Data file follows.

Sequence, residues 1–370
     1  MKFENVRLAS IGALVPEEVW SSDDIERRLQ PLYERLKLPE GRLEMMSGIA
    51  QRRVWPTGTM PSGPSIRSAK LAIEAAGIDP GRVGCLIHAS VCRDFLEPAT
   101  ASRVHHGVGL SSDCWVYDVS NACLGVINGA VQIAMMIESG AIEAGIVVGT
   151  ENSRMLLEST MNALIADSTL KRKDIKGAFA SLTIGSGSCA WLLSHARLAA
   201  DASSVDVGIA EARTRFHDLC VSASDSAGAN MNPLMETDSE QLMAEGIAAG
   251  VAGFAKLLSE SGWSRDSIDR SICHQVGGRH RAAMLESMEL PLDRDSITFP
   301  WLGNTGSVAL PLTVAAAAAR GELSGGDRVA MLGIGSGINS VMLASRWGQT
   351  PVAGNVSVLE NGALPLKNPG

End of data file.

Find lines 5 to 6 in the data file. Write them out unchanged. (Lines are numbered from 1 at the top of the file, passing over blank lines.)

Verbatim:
   151  ENSRMLLEST MNALIADSTL KRKDIKGAFA SLTIGSGSCA WLLSHARLAA
   201  DASSVDVGIA EARTRFHDLC VSASDSAGAN MNPLMETDSE QLMAEGIAAG